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Broadway Stars Slam CBS Over Network's Decision To Replace Tony Awards With 'Grease' Singalong

John Shearer/Getty Images, Paramount Pictures

Every year around this time, members and fans of the Broadway community look forward to seeing the hottest Broadway shows in town get their due at the annual Tony Awards.

But due to the pandemic, the lights of Broadway have been dimmed and the theatrical awards ceremony that was expected to air on June 7 has been postponed and most likely canceled.


To fill the spot vacated by the 73rd annual Tony Awards, CBS came up with a not-so-dazzling solution to replace the ceremony: a sing-a-long version of the 1978 film, Grease.

Theater fans fumed over the announcement and unanimously expressed that Grease – the movie musical starring John Travolta and Olivia Newton-John – is not the one that they want.

Broadway fans and stars alike took to Twitter to admonish CBS's decision.

Gideon Glick – who was nominated for Best Featured Actor in a Play for last year's To Kill a Mockingbird – tweeted:

"I'm certain there are a million gays out there who could help you curate a greatest hits of the Tony Awards to air instead!"

Patti Murin – who played Anna in the recently cancelled Broadway production of Frozen – took to Twitter and suggested why Grease isn't the word.

"Not like, a retrospective of past great Tony performances and speeches and moments? Or something highlighting the amazing work that people in theatre do for their community? Or literally anything other than this?"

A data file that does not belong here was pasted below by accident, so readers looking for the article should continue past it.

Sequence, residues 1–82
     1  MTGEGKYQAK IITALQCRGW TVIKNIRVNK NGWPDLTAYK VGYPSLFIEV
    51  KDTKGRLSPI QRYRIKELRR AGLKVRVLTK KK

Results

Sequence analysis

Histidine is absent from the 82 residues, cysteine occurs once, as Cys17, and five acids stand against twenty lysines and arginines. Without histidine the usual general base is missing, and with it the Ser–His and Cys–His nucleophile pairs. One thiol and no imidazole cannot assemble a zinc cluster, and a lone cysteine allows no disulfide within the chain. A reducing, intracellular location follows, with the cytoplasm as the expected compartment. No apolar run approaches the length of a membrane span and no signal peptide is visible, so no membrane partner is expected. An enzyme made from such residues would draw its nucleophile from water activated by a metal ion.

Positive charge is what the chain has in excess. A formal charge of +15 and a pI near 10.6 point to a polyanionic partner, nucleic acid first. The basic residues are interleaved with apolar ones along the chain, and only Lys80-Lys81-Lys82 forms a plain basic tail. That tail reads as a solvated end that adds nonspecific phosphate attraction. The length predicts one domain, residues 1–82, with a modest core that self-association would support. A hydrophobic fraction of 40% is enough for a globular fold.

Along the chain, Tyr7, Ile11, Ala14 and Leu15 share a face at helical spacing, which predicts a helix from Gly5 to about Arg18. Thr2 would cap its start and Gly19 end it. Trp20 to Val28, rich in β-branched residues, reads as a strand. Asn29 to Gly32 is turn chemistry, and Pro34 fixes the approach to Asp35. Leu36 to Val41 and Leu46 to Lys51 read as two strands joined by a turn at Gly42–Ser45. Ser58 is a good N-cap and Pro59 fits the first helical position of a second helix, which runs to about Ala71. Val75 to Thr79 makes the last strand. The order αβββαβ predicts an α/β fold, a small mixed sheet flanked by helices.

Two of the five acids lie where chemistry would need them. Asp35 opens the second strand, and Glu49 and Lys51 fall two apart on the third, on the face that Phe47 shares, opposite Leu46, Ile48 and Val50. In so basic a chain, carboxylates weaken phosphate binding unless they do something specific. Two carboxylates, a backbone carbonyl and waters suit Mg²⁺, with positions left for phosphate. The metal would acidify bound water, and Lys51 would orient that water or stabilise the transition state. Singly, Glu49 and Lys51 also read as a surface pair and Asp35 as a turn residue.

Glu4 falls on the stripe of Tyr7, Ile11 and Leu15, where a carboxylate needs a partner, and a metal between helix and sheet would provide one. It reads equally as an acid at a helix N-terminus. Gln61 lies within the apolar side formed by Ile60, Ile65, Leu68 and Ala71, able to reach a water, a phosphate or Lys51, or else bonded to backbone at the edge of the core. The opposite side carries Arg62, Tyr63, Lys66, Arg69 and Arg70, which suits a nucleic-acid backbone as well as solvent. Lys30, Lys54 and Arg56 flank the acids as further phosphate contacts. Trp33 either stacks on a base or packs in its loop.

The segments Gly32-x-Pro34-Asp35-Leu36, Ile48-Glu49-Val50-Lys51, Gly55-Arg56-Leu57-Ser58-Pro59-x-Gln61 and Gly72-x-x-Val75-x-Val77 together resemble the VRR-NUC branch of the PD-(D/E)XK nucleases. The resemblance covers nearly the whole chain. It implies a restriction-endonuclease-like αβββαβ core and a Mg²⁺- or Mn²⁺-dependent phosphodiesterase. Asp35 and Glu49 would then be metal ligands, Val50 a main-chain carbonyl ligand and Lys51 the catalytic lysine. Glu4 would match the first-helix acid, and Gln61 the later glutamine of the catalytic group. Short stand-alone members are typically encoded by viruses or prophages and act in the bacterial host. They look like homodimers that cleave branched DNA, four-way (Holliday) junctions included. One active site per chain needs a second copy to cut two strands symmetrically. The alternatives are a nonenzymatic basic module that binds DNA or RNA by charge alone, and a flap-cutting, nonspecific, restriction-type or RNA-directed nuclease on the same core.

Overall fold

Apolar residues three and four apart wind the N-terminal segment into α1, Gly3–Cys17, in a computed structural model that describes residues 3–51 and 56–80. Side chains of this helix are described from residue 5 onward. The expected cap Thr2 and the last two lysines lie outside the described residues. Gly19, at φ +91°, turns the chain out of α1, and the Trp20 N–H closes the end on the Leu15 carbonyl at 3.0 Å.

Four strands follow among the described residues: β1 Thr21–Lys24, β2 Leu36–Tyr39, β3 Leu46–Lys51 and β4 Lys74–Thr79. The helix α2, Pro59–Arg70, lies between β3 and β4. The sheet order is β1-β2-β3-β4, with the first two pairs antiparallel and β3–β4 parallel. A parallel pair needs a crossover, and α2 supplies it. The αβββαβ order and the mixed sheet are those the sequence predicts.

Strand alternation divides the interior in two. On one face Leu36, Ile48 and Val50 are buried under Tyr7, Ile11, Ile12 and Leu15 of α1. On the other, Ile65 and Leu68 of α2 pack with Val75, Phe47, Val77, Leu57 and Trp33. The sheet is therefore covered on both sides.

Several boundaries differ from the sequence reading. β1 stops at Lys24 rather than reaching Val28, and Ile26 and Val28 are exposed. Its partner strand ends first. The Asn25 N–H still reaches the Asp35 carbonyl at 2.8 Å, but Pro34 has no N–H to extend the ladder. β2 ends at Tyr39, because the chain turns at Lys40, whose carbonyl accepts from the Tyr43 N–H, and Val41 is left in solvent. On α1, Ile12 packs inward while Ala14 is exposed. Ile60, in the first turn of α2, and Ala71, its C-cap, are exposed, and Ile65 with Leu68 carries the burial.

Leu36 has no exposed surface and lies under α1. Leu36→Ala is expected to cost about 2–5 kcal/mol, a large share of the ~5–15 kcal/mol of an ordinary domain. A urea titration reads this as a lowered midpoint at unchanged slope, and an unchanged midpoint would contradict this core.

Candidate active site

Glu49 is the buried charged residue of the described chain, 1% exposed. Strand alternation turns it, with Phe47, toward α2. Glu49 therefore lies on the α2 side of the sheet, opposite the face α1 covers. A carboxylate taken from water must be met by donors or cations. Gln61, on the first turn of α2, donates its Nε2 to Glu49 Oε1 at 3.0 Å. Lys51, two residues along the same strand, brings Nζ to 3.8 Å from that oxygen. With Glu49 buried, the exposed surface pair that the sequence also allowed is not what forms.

Hamilton creator Lin-Manuel Miranda had no words for the move—just a telling picture of Michael Jordan giving some serious side eye.

Alternate options continued pouring in to replace the controversial Tony replacement.





Others, like actor Andy Mientus from NBC's Smash, gave in to humor, asking:

"Why is this hysterical to me."

Mientus offered a comparison between Grease and the Tonys.

Dear Evan Hansen co-creator Benj Pasek insisted there are no substitutes when it comes to the coveted awards show.

On March 12, Gov. Andrew Cuomo mandated that public gatherings of over 500 people in New York City will be prohibited in an effort to flatten the curve, and Insiders are already speculating the closure could extend through the winter.

This year's Tony contenders like – Plaza Suite, Mrs. Doubtfire and The Lehman Trilogy – never made it opening night.

Maybe there are worse things CBS could do, but the cancellation of the Tonys still feels like it's raining on prom night.